China’s diverse nuclear arsenal makes it more survivable and would provide China with more coercive options in a conflict with the United States over Taiwan. The findings were the result of two summer 2022 tabletop wargame exercises conducted by the Center for a New American Security (CNAS) that each pitted China (Red) against the U.S. (Blue).
“A larger, more diverse nuclear arsenal not only increased the survivability of China’s second-strike capability but also gave the Red teams the ability to threaten or employ nuclear weapons in a limited fashion,” according to “Avoiding the Brink,” a CNAS report released in February. “In short, the Red teams felt that they had a secure second-strike capability and were better positioned to brandish nuclear weapons coercively and employ them if necessary.”
The report also indicated that China has no need to match the U.S. quantitatively when it comes to nuclear capability to be a bigger nuclear threat.
The findings show what China could do in some scenarios and the teams estimated some specific actions on the part of combatants.
“By the Red players’ estimation, the notional 700-warhead nuclear arsenal of the first [exercise] was sufficient to provide a secure second-strike capability and options for limited theater nuclear strikes, allowing them to brandish their nuclear weapons coercively and employ them, if necessary,” the report stated, noting that the same was true in the second exercise with an arsenal of 1,000 warheads. “The size of both arsenals and the diversity of delivery systems and warhead sizes (5 to 300kt) expanded the types of attacks Red could threaten and the set of targets that Red could credibly hold at risk.”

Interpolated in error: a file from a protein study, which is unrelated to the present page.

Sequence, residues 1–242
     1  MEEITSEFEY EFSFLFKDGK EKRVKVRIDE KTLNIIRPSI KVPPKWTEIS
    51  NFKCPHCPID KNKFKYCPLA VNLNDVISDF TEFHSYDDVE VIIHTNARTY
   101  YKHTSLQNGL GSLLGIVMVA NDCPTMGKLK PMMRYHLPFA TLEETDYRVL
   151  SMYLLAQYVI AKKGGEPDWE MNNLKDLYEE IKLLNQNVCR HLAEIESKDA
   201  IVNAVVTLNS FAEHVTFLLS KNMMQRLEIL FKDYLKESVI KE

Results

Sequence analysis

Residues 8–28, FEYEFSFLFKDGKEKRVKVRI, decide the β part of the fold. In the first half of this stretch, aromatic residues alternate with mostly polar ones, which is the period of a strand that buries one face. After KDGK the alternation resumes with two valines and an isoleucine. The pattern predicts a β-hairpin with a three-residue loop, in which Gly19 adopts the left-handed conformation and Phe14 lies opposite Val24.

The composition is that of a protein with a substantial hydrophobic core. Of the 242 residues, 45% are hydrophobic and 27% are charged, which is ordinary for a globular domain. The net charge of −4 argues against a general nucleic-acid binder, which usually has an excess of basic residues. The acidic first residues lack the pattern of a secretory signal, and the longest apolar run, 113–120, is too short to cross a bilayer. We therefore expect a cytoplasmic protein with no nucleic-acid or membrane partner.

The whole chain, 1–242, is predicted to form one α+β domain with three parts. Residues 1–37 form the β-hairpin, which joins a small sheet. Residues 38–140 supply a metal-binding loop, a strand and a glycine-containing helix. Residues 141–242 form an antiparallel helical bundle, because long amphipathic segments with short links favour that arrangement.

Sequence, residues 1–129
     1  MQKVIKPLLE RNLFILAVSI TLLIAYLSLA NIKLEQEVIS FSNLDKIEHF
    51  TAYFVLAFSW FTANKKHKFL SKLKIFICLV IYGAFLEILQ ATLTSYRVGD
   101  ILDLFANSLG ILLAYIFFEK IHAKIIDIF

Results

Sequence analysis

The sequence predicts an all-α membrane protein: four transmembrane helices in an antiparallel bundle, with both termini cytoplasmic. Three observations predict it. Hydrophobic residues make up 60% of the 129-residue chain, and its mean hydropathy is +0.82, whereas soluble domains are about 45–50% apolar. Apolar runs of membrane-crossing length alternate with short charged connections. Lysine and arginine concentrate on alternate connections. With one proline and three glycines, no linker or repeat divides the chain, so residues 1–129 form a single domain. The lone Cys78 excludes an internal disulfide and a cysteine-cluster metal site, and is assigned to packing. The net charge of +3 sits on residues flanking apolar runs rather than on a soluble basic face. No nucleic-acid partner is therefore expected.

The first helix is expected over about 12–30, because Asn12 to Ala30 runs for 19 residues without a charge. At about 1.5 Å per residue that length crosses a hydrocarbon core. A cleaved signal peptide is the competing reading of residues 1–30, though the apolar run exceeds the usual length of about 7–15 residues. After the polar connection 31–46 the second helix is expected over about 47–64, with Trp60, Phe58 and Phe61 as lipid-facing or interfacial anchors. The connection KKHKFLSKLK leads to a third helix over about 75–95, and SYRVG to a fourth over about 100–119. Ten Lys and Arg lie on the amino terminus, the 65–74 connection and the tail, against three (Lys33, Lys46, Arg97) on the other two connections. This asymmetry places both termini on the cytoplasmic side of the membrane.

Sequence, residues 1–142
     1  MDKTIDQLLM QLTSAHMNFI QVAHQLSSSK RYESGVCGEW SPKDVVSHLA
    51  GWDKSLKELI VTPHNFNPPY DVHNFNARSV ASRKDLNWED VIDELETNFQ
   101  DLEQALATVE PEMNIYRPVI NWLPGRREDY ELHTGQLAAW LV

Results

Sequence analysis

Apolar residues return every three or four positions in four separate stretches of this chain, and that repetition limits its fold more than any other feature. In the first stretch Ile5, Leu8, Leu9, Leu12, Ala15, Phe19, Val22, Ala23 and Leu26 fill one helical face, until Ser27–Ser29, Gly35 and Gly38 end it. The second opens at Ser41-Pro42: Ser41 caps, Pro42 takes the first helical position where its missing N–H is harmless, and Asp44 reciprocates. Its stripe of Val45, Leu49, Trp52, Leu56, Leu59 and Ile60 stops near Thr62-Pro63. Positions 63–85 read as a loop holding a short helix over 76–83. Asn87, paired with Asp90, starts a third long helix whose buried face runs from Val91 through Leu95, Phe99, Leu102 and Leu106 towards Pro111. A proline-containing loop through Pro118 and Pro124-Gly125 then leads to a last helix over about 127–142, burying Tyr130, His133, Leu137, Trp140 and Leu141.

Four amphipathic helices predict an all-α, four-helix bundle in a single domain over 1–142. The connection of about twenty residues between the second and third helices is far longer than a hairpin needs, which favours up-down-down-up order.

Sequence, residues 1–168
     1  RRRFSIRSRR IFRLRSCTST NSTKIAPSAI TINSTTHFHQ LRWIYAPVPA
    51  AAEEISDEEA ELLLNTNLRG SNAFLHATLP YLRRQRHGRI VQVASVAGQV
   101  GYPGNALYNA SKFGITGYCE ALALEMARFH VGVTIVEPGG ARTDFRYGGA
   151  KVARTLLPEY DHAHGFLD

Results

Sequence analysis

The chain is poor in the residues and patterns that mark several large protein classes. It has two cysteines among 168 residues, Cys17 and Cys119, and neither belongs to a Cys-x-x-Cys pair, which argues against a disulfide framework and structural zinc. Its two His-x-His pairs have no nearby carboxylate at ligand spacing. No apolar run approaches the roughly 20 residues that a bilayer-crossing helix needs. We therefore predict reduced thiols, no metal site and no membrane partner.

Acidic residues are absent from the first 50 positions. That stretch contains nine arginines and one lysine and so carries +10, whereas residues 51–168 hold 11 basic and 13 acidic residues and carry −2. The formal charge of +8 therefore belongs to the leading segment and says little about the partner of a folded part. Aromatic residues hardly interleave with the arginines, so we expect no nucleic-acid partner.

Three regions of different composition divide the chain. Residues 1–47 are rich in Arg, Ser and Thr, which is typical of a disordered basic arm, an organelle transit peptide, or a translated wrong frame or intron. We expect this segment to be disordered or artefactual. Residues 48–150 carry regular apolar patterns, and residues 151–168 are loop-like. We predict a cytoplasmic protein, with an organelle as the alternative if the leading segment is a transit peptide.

The wargame also revealed that neither team felt early use of nuclear weapons in a conflict was necessary, although both Red teams threatened their use early in each conflict hoping to stop U.S. involvement. Arriving at a conclusion similar to a CNAS wargame scenario in the spring of 2022, the report noted that a fait accompli for China is unlikely. A U.S. defeat of an initial invasion, according to the report, is also unlikely.
Though neither team thought the other would actually use nuclear weapons, a Red team employed a low-yield nuclear weapon against Guam after attacks on the Chinese mainland. The report emphasizes that the battle to disable conventional capabilities could trigger such escalation.
“From China’s perspective, Guam is such a critical American power projection node that it needs to be disabled early in the conflict to give the Chinese invasion a chance of succeeding,” the report states. “The problem is that attacking Guam or the Chinese mainland crosses Blue or Red lines and thus comes with significant risk of setting off a tit-for-tat escalation spiral.”
Preconceived notions on the part of participants were noted as well. For example, the report stated that Blue players were “stuck in a Cold War mindset” assuming limited nuclear use could be countered by strategic superiority. Red players, on the other hand, hesitated to stray from China’s current known nuclear posture.
“Blue players had trouble believing that Red would cross the nuclear threshold, given its current and past doctrine and posture, and underappreciated the fact that China did not need nuclear parity to consider limited nuclear use,” the report noted. “The Red teams were willing to consider limited nuclear use because they did not believe that Blue would respond with a nuclear weapon in kind and thus they could keep the conflict from unduly escalating.”
Still, the results of both wargames indicated that pressure to use nuclear weapons was low, and China’s current posture is to use nuclear weapons only as a retaliatory measure.
Recommendations from the exercises include continuing to explore ways China might employ nuclear weapons in a Taiwan conflict and ensuring national security personnel understand China’s increasing nuclear capabilities. As a short war appears increasingly unlikely, the report also emphasizes further examining protracted war scenarios. In addition, the report suggests building up research on China’s nuclear capabilities in a similar manner to the research conducted for decades on Russia’s nuclear program.